As the number of candidates seeking the Republican nomination nears a dozen, with more to come, the calendar of primaries has drawn increased attention, with party strategists trying to determine which contests will begin to winnow the field. Though the calendar remains unsettled, several Southern states, including Alabama and Arkansas, are looking to have an effect on the race by holding contests on the same date – creating a so-called SEC primary, named after the college sports Southeastern Conference. In Florida, Republicans have rallied around a winner-take-all primary that could be a jackpot in the race for delegates and potentially determine the electoral fate of the state’s former governor, Jeb Bush and its current Republican senator, Marco Rubio.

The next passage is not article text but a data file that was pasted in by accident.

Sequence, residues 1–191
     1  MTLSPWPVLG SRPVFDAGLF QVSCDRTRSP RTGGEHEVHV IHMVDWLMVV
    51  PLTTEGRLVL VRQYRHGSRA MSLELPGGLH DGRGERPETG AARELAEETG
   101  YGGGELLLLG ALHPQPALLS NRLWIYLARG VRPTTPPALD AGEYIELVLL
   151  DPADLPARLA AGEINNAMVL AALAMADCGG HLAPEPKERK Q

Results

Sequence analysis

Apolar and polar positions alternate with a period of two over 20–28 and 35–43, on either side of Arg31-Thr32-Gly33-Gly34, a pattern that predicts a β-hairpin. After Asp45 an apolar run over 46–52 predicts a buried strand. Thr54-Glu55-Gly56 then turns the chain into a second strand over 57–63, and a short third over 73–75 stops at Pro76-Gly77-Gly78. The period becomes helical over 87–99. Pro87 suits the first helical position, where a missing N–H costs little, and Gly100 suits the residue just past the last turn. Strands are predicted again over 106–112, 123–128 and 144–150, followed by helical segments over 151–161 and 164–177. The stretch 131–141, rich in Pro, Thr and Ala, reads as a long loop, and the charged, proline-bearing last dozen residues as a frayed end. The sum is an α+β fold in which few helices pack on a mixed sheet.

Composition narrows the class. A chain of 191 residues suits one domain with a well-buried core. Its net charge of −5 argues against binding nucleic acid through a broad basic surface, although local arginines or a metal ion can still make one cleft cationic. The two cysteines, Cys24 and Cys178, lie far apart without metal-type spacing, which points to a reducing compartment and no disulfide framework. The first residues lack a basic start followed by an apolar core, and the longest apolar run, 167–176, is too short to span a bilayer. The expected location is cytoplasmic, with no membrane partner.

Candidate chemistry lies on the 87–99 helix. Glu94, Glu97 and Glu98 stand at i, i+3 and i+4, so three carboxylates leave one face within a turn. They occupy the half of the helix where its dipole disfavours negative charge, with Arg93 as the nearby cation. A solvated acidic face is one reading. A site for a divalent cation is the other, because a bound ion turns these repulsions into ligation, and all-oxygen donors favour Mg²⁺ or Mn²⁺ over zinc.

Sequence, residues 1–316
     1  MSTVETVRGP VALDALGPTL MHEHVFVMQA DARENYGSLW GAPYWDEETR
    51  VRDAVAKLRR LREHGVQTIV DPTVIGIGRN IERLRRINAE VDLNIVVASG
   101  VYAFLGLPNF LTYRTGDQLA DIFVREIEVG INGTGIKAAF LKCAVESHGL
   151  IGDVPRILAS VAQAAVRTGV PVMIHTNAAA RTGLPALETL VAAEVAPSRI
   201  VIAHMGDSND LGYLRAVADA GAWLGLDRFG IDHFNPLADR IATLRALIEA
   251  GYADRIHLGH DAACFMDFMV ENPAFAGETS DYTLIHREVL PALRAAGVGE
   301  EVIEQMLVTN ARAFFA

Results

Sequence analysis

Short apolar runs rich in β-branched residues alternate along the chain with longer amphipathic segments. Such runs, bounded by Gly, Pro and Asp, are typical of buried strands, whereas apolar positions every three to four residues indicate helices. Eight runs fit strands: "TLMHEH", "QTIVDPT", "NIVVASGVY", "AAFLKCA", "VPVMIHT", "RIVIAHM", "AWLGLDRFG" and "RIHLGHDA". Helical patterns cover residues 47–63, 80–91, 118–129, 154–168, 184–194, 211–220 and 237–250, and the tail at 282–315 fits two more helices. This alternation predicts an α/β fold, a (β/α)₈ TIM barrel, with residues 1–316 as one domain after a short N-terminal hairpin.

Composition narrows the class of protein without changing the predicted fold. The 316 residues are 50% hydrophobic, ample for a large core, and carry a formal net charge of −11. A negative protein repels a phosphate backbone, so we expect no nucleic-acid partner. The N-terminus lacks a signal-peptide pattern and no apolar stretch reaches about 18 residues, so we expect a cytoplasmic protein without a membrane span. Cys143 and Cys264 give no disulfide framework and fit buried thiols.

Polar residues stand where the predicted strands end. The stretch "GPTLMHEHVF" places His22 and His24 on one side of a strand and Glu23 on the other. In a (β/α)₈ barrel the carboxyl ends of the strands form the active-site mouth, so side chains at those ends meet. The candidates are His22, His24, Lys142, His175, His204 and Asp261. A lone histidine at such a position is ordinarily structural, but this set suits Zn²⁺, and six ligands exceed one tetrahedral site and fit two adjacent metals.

And in Nevada, lawmakers weighed legislation — championed by Republicans — that would have allowed parties to choose between the current caucus system or a primary. Late Monday, the legislation stalled as the session came to a close, likely killing the proposal for this election cycle.
“What we have right now is a very compressed calendar with important contests taking place within several weeks of one another,” said Josh Putnam, a visiting assistant professor of political science at Appalachian State University in North Carolina, who studies primaries and writes the blog FrontloadingHQ. “It won’t be nearly as elongated as the last cycle.”